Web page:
The government watchdog for the Office of Personnel Management on Wednesday publicly refuted the agency's claims that it has moved "proactively" to protect the personal data of government workers, and instead said OPM was actually years late in addressing its most recent problem.
Late last month, OPM boasted that it took the initiative to close down its Electronic Questionnaire for Investigations Processing system, or e-QIP. That's the system that processes background checks for federal workers — OPM said it shut the system down after learning of new security problems that might expose even more personal data on federal workers.
"OPM is taking this step proactively, as a result of its comprehensive security assessment, to ensure the ongoing security of its network," OPM's June 29 statement read.
But in a House hearing Wednesday, OPM's Inspector General office said OPM isn't ahead of the curve at all, and instead is far behind it.
"OPM's official statement on this issue claims that the agency is acting proactively by shutting down the [e-QIP] system," Assistant Inspector General Michael Esser told a House Science, Space and Technology subcommittee Wednesday afternoon.
"However, the current security review ordered for this system is a direct reaction to the recent security breaches," he said. "In fact, the e-QIP system contains vulnerabilities that OPM knew about, but had failed to correct for years." Esser was referring to a September, 2012, assessment that was supposed to be corrected by the following September. "These vulnerabilities … still remain open and unaddressed today," he stated.
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In shutting down e-QIP last week and then issuing an interim process that allows government agencies to use paper questionnaires, which still effectively halted all new background investigations, OPM stated: "The actions OPM has taken are not the direct result of malicious activity on this network and there is no evidence that the vulnerability in question has been exploited.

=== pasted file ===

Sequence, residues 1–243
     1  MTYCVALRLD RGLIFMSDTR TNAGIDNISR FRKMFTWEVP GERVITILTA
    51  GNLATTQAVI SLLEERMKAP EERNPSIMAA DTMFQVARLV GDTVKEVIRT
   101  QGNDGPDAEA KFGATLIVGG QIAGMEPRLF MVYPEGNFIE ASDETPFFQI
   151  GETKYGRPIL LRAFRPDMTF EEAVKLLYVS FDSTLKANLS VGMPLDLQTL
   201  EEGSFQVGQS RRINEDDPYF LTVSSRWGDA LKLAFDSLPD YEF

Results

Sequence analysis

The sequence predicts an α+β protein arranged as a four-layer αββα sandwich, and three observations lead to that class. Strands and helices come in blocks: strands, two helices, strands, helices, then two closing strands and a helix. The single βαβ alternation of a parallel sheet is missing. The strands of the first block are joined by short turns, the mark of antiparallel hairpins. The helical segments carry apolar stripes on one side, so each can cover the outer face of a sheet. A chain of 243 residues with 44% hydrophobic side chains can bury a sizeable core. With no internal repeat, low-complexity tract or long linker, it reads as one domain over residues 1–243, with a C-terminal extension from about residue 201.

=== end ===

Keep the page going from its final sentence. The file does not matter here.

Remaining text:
Esser echoed his boss, Inspector General Patrick McFarland, who has been telling congressional panels since last month that he has been warning the agency about technological and cybersecurity problems for years. McFarland has made those points in the several weeks following OPM's announcement that personal data from at least 4.2 million current and former federal workers was stolen.
That number could grow to as many as 18 million or even more — OPM has said it might provide more clarity this week on a more precise figure.
The IG office doesn't believe that embattled OPM Director Katherine Archuleta and her predecessors have addressed their concerns "in the timely fashion that we would like to see them addressed," Esser told the committee during questioning. "Sometimes we feel things that we report don't get the attention that we think they should get," he said.
And issues drag "for years and years and years, and that just shouldn't be," Esser said. He added in his written testimony that OPM has generally failed all around to take heed of the IG's various warnings.
"Unfortunately, the overdue remediation of known vulnerabilities for e-QIP is only a single example of a more widespread problem at OPM," he stated. "[S]ome of the current problems and weaknesses were identified as far back as" fiscal 2007. "We believe this long history of systemic failures to properly manage its IT infrastructure may have ultimately led to the security breaches and loss of sensitive personal data at OPM."
OPM's move to shut down e-QIP last week forced OPM to use a temporary process that will have agencies accept paper questionnaires, a process that has effectively halted all new background investigations.